TABLE (1) A patient presenting with red eye may be suffering with conjunctivitis, uveitis or glaucoma, and there are some key differences to differentiate these diagnoses

As previously mentioned, uveitis (Figure 2) is another condition which can cause ocular redness, in which anti-in­flammatories are key and atropine is called for to prevent the iris adhering to the lens. Blindness comes in uveitis when these adhesions, termed synechiae, stop the pupil dilation which enables vision. Using atropine to break down these adhesions is crucial and keeping the animal hospitalised with regular treatment until the pupil dilates is advisable.

FIGURE (2A) A cross-bred dog presented with a constricted pupil and synechiae between the iris and the lens capsule, signs of uveitis
FIGURE (2B) Aggressive treatment with atropine, tropicamide and phenylephrine resulted in the dilation of the pupil. Notice the blood and the fibrin in the eye needing anti-inflammatory and analgesic treatment

Cataracts are another significant cause of blindness in dogs. There is not enough space here to discuss cataract surgery, but it would be good to talk about diabetic cataract. Many diabetic dogs will develop cataracts – the lens enzyme aldose reductase turns sugar into alcohol drawing water into the lens opacifying it. Inhibiting this enzyme can prevent diabetic dogs developing cata­racts (Williams, 2017).

Welfare considerations in blind animals

When asking owners for their assess­ment of their dog’s welfare as they became blind (Williams, 2012), we found that they said that while quality of life (QoL) was reduced as blindness occurred, dogs quite rapidly adjusted to their visual impairment and regained a good QoL. This is something useful to tell owners at a time when they may be more stressed than their pet! Many dogs with retinal degeneration gradually lose vision starting with night blindness and here welfare impairment is far less of a problem than, say, with a hypertensive cat that suddenly goes blind with retinal detachment. The key thing here is to ensure that your vets do a retinal exam­ination every time they see an elderly cat, or one with hyperthyroidism or renal failure, to pick up the early signs of hypertensive retinopathy before the cat suffers a com­plete retinal detachment. As I said at the beginning, a caring stroke and a quiet voice aid a blind animal in knowing you are there and on their side. Reducing noise levels in ken­nels is important, but that is something we should always be aiming for, isn’t it? Maybe a pheromone diffuser would be valuable to reduce stress levels in blind animals staying in the clinic but that is something worth evaluating for all animals in what is often a stressful environment.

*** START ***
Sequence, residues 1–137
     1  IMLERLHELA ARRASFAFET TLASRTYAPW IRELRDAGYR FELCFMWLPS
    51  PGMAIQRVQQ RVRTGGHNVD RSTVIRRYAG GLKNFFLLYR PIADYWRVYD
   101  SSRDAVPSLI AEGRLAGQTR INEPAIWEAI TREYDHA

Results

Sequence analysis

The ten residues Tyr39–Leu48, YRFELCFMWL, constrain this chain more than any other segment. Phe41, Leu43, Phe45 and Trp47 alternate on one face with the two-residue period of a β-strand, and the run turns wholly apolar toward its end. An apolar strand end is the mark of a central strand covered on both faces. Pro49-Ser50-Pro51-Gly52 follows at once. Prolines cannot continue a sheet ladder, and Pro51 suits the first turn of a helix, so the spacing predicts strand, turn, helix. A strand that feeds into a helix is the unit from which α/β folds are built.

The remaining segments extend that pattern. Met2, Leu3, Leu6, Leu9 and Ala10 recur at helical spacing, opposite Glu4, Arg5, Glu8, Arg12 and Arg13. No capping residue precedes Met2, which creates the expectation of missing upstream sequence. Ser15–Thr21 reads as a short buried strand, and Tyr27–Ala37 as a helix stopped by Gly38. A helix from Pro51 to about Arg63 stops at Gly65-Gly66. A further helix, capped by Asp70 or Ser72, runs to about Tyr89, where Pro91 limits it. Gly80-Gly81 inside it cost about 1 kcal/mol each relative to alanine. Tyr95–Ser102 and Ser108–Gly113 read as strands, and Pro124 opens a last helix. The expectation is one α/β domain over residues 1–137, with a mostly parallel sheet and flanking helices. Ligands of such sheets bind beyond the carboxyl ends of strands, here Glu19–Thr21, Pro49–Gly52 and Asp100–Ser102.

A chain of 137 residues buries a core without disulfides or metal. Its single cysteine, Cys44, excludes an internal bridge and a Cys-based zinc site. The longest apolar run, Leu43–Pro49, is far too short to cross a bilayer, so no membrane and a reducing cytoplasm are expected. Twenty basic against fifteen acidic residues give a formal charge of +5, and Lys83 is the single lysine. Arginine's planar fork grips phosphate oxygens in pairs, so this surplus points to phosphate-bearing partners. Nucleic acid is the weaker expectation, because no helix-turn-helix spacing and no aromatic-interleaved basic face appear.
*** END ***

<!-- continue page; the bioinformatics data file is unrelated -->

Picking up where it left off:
Ocular pain

If you have had a corneal ulcer or even an eyelash in your eye, you’ll know how uncomfortable eye pain can be. We probably under-estimate the pain dogs and cats are in with ulcers or glaucoma. Giving non-steroidal anti-inflammatory drugs as pain relief per os should be a standard treatment for all animals which might have ocular pain, and atropine to relieve uveal spasm in uveitis. There is much more to say, but hopefully this has given you something to think through in improving the welfare of blind animals in your care.


Williams, D.


Ophthalmic disease in pedigree dogs: an ethical and welfare conundrum. Journal of AWSELVA, 16, 10-15

Williams, D.


Effect of oral alpha lipoic acid in preventing the genesis of canine diabetic cataract: a preliminary study. Veterinary Sciences, 4, 18

David Williams


David Williams, MA, VetMB, PhD, CertVOphthal, CertWEL, FHEA, FRCVS, graduated from Cambridge in 1988 and has worked in veterinary ophthalmology at the Animal Health Trust. He gained his Certificate in Veterinary Ophthalmology before undertaking a PhD at the RVC. David now teaches at the vet school in Cambridge.